When talking with both prospects as well as existing clients, we should not be bringing up premium first. If the client wants to talk about premium, they will approach the subject. When we are presenting a quote to a prospect, we should be reviewing the coverages and talking about the limits. If you are making a proactive renewal call to a client, you should be focused on doing an annual review, not discussing what the percentage increase is on the premium.
Be Prepared to Pivot off Premium and Back to Coverage
I realize that regardless of our best efforts to focus on protection, many clients are going to want to discuss premium. While we certainly need to address premium and have markets that keep us close, we should always discuss premium as it relates to coverage and protection. Our focus should always be on coverage first. This will help the client understand the value. If we are constantly talking in terms of how much premium a client is saving (or is not saving), we aren’t educating on the coverages. Be prepared to explain why the coverage and limits are more important.
Don’t Email Quotes
This one always starts a debate when I bring it up in a group setting. First, I am not saying never email a quote, but I am saying do not email the quote before you have had a chance to explain it. There are very few people that are going to actually read what you right in the body of the email or review the details of the quote page. They are going to open the attachment, scroll down to the bottom and look at the big bolded premium number and calculate the difference between what they are paying today and what you are going to cost them.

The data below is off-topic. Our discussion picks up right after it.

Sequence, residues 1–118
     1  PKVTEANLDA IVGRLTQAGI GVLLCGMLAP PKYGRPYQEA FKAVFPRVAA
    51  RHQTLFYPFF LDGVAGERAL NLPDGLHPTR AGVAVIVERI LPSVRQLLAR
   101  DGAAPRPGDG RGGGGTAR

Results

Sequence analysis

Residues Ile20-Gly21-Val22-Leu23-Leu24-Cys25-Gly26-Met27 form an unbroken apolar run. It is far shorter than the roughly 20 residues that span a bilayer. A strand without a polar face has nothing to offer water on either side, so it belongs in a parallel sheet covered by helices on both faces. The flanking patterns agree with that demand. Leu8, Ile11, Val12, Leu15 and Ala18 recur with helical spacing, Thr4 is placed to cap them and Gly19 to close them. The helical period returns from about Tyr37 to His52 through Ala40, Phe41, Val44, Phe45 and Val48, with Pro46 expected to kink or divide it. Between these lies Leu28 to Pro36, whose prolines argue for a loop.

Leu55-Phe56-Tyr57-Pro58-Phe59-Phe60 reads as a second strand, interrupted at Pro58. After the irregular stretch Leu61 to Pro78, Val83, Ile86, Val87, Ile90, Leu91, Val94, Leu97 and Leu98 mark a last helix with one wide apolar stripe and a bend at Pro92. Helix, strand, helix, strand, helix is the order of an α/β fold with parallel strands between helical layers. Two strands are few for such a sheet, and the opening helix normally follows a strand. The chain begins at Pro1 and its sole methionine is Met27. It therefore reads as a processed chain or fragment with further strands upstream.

Ideally, you would provide the quote right over the phone on the initial call. Depending on the lines of business, number of quotes, state, rating system, etc., this is not always possible but we should have this as our goal. When not providing a quote on the initial call, after you have gathered all of the information, set a time to speak with them again. Setting this appointment (and then making sure you have the quote and contact them) is vital for you to be allowed to review the quote.
Build Rapport & Trust and Show Expertise
From the very first impression up through presenting the quote, our focus should be on building rapport and trust and showing expertise. People want to buy from people they like, trust, and know what they are doing. Early on in the conversation you can build rapport by showing an interest in what they have to say and avoiding the Insurance Interrogation (shooting off 187 underwriting questions) by gathering the information in a conversational manner. As the call goes along, you build trust and show expertise by clearly explaining coverages that they need and don’t need, talk about how to save money through discounts and higher deductibles, and where they need to improve coverages.
Remember that the more that we focus on price, the more the client will do the same. Clients never leave on price alone. A very common second reason is that they do not understand your value. So if you sell them on price and their premium goes up on the first renewal, what have we done to position ourselves to be the first person that they contact to discuss the renewal? What is preventing them from calling a direct writer that has probably been presenting advertising to them more than a thousand times during that policy term? Show your value so that the client doesn’t only worry about price and knows that if he or she has any concern over their insurance, they need to call you first.